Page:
struct DN 
    val
    deriv
end

This defines the type DN with fields val and deriv. Then, we need to define methods for the different operators and functions that we want to support with our dual numbers system. For example, the addition of two dual numbers (see definition above) can be implemented as:

Base.:+(a::DN, b::DN) = DN(a.val + b.val, a.deriv .+ b.deriv)

As you can see, this operation will result in a new dual number, where the new value is sum of the values of a and b (a.val + b.val) and the new derivative is the sum of the derivatives stored in a and b (a.deriv .+ b.deriv). Compare this to the expression given in the section above. As further examples, let’s define the methods for multiplication (*) and for taking the power of a dual number to a constant (^):

Base.:*(a::DN, b::DN) = DN(a.val*b.val, b.val.*a.deriv + a.val*b.deriv)
Base.:^(a::DN, b) = DN(a.val^b, b.*a.val.^(b.-1).*a.deriv)

Notice the pattern? The new value is always the result of applying the function or operator to the old values, whereas the new derivative is the result of applying the derivative of the function or operator to the old values and derivatives. So, if you know the derivative of a function, you can define the method for a dual number. Notice that the derivative stored in the new dual number is always a function of the derivative stored in the old dual numbers (as it should). This is the way dual numbers can propagate derivatives from the inputs to the outputs of your model!

Let’s see how dual numbers perform automatic differenation by taking a model such as:

\[ d = c (a + b)^2 \]

and we would like to compute the derivative of \(d\) with respect to \(a\). We simply create three dual numbers with the correct values and initial derivatives with respect to \(a\):

a = DN(1.0, 1.0)
b = DN(0.5, 0.0)
c = DN(2.0, 0.0)

Notice that the derivative of a variable with respect to itself is always one (\(\partial a/\partial a = 1\)), and it is 0 for any other independent variable (\(\partial b/\partial a = 0\) because \(b\) is not a function of \(a\)). Now we just apply the model:

d = c*(a + b)^2
# output: DN(4.5, 6.0)

Et voilà! Our AD system tells us that the value of \(d\) is 4.5 and the derivative with respect to \(a\) is 6. Of course, this model is trivial and I could have calculated these values by hand, which I will do to show you that this actually works:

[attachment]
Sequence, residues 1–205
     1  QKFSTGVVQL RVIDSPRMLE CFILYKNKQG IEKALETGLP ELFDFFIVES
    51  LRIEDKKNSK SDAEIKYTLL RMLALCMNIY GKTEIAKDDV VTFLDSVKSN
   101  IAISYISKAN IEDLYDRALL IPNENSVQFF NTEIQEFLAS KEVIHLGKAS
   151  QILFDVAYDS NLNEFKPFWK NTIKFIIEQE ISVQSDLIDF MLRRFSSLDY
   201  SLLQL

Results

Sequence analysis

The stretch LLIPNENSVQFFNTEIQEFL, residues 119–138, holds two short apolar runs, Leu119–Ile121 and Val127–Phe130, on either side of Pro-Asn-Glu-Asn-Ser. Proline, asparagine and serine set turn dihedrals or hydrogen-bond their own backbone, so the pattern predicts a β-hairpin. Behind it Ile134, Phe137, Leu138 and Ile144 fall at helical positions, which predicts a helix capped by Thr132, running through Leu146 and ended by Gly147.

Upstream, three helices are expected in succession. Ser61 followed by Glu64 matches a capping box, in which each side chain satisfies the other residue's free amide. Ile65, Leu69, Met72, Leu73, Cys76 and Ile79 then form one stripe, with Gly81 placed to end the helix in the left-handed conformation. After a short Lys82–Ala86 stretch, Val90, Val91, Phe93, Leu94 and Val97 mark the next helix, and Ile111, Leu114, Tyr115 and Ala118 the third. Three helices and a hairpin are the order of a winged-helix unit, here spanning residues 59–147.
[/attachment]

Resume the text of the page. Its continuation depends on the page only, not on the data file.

\[ \begin{aligned} d &= c(a + b)^2 &&= 2\cdot1.5^2 &= 4.5 \\ \frac{\partial d}{\partial a} &= 2c(a + b) &&= 2\cdot2\cdot1.5 &= 6.0 \\ \end{aligned} \]

We can also calculate the derivatives with respect to all the inputs in one single pass. The trick is to include the derivatives of each input with respect to every other input in the initialization:

a = DN(1.0, [1.0, 0.0, 0.0])
b = DN(0.5, [0.0, 1.0, 0.0])
c = DN(2.0, [0.0, 0.0, 1.0])

In this case, each dual number holds in the field deriv the derivatives of itself with respect to \(a\), \(b\) and \(c\), respectively. And now:

d = c*(a + b)^2
# output: DN(4.5, [6.0, 6.0, 2.25])

Again, we can check that the results are correct:

\[ \begin{aligned} \frac{\partial d}{\partial a} &= 2c(a + b) &&= 2\cdot2\cdot1.5 &= 6.0 \\ \frac{\partial d}{\partial b} &= 2c(a + b) &&= 2\cdot2\cdot1.5 &= 6.0 \\ \frac{\partial d}{\partial c} &= (a + b)^2 &&= 1.5^2 &= 2.25 \end{aligned} \]

Final remarks

The implementation of dual numbers presented in this article was simplified to avoid getting into technical details that are often necessary to ensure high performance. These technical details would vary across languages as not all object-oriented systems are the same (for examples in Julia you can take a look at the UnitfulDual and ForwardDiff packages). However, regardless of the language, the general approach will always be the same:

  1. Define a data type/class to hold the values and derivatives.

  2. Define methods for operators and functions using the corresponding derivative rule.

In practice one would also have to define methods for non-mathematical functions as well as logical operators (like > and so on) to make sure that the program runs properly, but in all these cases the dual number should behave as a normal number (and only the contents of the val field should be used).

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Alejandro Morales
Scientific programmer and data analyst. Plant scientist.